The plan is not only feasible from a financial as well as from a technical standpoint—it is almost a necessity to the State. At the present time only 56 per cent, of the land is cultivated by the owners, and the number of small farms—less than two acres, has increased at the rate of 2,072 per year during the past ten years. The demand for land is so great that rents are growing larger with the result that less surplus food stuff is available, and the people are therefore affected by the fluctuation in foreign markets. Then too the country is annually losing 5,000 of the strongest inhabitants who are forced from home in search of work.

In the immediate future a large proportion of these people could find work in the draining operations and, as the lands become available, the surplus population that must now seek homes in foreign lands, could find land in their own country and that, too, close to Amsterdam, its best market.

Holland has suffered more from storms on the inland waters and inundations therefrom than from the seas that skirt her coasts. The drying up of the Haarlem Lake removed one great source of danger and loss, but immunity will not come until the Zuider Sea, which has been a constant menace since 1440, yields her 787 square miles to the tillers of the soil.

The Dutchman is especially fitted for work of this sort. He calmly sits down, reckons up the cost of the undertaking, devises means and appliances and then proceeds with the work without troubling himself whether it will require one year or twenty. He does not expect to play the part of Canute and command the waters to recede, but ever conscious of the inroads that the sea has made upon Ms country, his work is sweetened perhaps by a feeling of revenge that he will reconquer all that has been lost and levy tribute for the 371 lives that were lost in 1885 by the breaking of some of the dykes.

The Government is willing to appropriate the requisite money just as soon as the finances will permit and entrust the work to a contractor, knowing that every one of the 1,250,000 piles needed for the sea dyke alone will be put in place and that not a hundredweight of the 70,000 tons of basalt blocks will be missing. The Dutchman is so loyal and feels so much national pride that no imperfect work is ever found in Government contracts.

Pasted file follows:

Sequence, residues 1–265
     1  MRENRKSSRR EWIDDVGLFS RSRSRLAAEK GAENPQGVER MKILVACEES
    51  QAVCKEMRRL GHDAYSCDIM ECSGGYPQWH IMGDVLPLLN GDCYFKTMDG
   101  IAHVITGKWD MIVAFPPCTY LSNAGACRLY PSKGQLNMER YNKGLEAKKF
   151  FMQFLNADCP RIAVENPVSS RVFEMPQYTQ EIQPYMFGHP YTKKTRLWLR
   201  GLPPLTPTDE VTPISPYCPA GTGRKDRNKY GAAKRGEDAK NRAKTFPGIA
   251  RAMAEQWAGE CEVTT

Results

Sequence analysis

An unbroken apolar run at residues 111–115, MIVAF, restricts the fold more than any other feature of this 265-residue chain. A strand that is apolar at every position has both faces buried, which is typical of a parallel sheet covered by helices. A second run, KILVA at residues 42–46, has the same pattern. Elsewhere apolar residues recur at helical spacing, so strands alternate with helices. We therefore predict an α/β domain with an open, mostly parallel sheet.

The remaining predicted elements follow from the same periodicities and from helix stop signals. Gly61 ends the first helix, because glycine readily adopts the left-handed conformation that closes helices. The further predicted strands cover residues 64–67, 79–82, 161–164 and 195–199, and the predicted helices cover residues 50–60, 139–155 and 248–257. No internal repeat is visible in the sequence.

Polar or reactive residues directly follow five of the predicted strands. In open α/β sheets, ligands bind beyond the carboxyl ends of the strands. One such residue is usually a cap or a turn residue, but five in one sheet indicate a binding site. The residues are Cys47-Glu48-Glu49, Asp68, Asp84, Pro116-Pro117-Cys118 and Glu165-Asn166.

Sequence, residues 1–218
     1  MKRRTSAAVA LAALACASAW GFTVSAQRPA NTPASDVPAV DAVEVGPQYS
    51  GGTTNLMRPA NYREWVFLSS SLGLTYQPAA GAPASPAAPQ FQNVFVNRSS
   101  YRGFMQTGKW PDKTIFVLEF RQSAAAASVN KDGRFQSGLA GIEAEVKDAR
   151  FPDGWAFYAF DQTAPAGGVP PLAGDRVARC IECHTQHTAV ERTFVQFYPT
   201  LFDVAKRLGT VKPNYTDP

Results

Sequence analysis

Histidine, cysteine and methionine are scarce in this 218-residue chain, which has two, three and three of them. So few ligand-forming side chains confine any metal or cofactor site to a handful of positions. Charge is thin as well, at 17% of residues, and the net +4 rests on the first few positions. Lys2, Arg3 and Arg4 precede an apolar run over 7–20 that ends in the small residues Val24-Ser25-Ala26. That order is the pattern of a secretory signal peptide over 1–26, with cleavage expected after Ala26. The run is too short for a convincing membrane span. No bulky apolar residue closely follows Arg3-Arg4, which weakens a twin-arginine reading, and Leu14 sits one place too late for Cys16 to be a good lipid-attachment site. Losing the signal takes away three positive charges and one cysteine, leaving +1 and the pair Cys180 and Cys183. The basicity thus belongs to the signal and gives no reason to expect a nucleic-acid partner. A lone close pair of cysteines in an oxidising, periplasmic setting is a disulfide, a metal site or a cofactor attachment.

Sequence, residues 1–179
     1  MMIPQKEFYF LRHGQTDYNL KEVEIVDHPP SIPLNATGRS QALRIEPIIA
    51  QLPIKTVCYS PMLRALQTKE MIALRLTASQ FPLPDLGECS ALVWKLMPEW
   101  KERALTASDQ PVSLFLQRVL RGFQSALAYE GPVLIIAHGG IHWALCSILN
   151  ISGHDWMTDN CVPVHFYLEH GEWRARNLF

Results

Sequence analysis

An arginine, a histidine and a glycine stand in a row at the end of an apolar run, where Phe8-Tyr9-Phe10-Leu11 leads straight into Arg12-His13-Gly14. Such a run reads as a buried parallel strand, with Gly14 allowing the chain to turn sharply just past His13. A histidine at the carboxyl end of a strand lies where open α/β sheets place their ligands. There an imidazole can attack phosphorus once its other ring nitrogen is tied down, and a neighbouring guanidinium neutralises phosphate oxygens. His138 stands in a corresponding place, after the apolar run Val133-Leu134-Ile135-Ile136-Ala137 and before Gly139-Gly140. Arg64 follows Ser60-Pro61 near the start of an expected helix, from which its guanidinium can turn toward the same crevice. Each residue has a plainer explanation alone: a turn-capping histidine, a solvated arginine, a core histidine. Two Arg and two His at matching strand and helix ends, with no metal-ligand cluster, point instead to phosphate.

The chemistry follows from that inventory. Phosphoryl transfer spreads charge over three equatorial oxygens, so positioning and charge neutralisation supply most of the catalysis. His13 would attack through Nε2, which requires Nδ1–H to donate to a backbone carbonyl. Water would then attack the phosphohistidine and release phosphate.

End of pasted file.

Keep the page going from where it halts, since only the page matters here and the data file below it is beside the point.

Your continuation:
An idea of the magnitude of the work can be formed by glancing at a few figures.

The sea dyke will be 24.8 miles long, 114.5 feet across the top and 21.6 feet above high water; the river Ysel is to be carried out into the sea a distance of 10.5 miles with a width of 948 feet; the entrance to Amsterdam must be widened by two miles; dykes around the polders will be necessary having an aggregate length of 198 miles with an average height of 11.4 feet; in the Island of Wieringen, 30 locks will be required, 33 feet wide and 16 feet deep; an encircling canal must be constructed from Enkhuyzen to Uitdam, a distance of eight miles; the sea dykes on the Frisian coast must be heightened at a cost of $240,000 and four pumping stations with an aggregate of 16,930 horse power must be installed.

Though the undertaking is great, the entire commission agreed that it should be done, and twenty-one out of the twenty-eight believed that the State should be in control rather than to grant the concession to a private party. When finished the State can issue another medal, like the one minted to celebrate the draining of the Haarlem Lake to bear the inscription:

"Zuider Zee, after having for centuries assailed the surrounding fields, to enlarge itself by their destruction, conquered at last by the force of machinery, has returned to Holland its invaded land." And the historian of the work will close his account of the material gain to the State by saying: "But this is not all; we have driven forever from the bosom of our country a most dangerous enemy; we have at the same time augmented the means for defending our capital in time of war. We have conquered a province in a combat without tears and without blood, where science and genius took the place of generals, and where polder workmen were the worthy soldiers. Persevering to surmount the obstacles of nature, and those created by man, the country has accomplished, to its great honor and glory, one of the grandest enterprises of the age."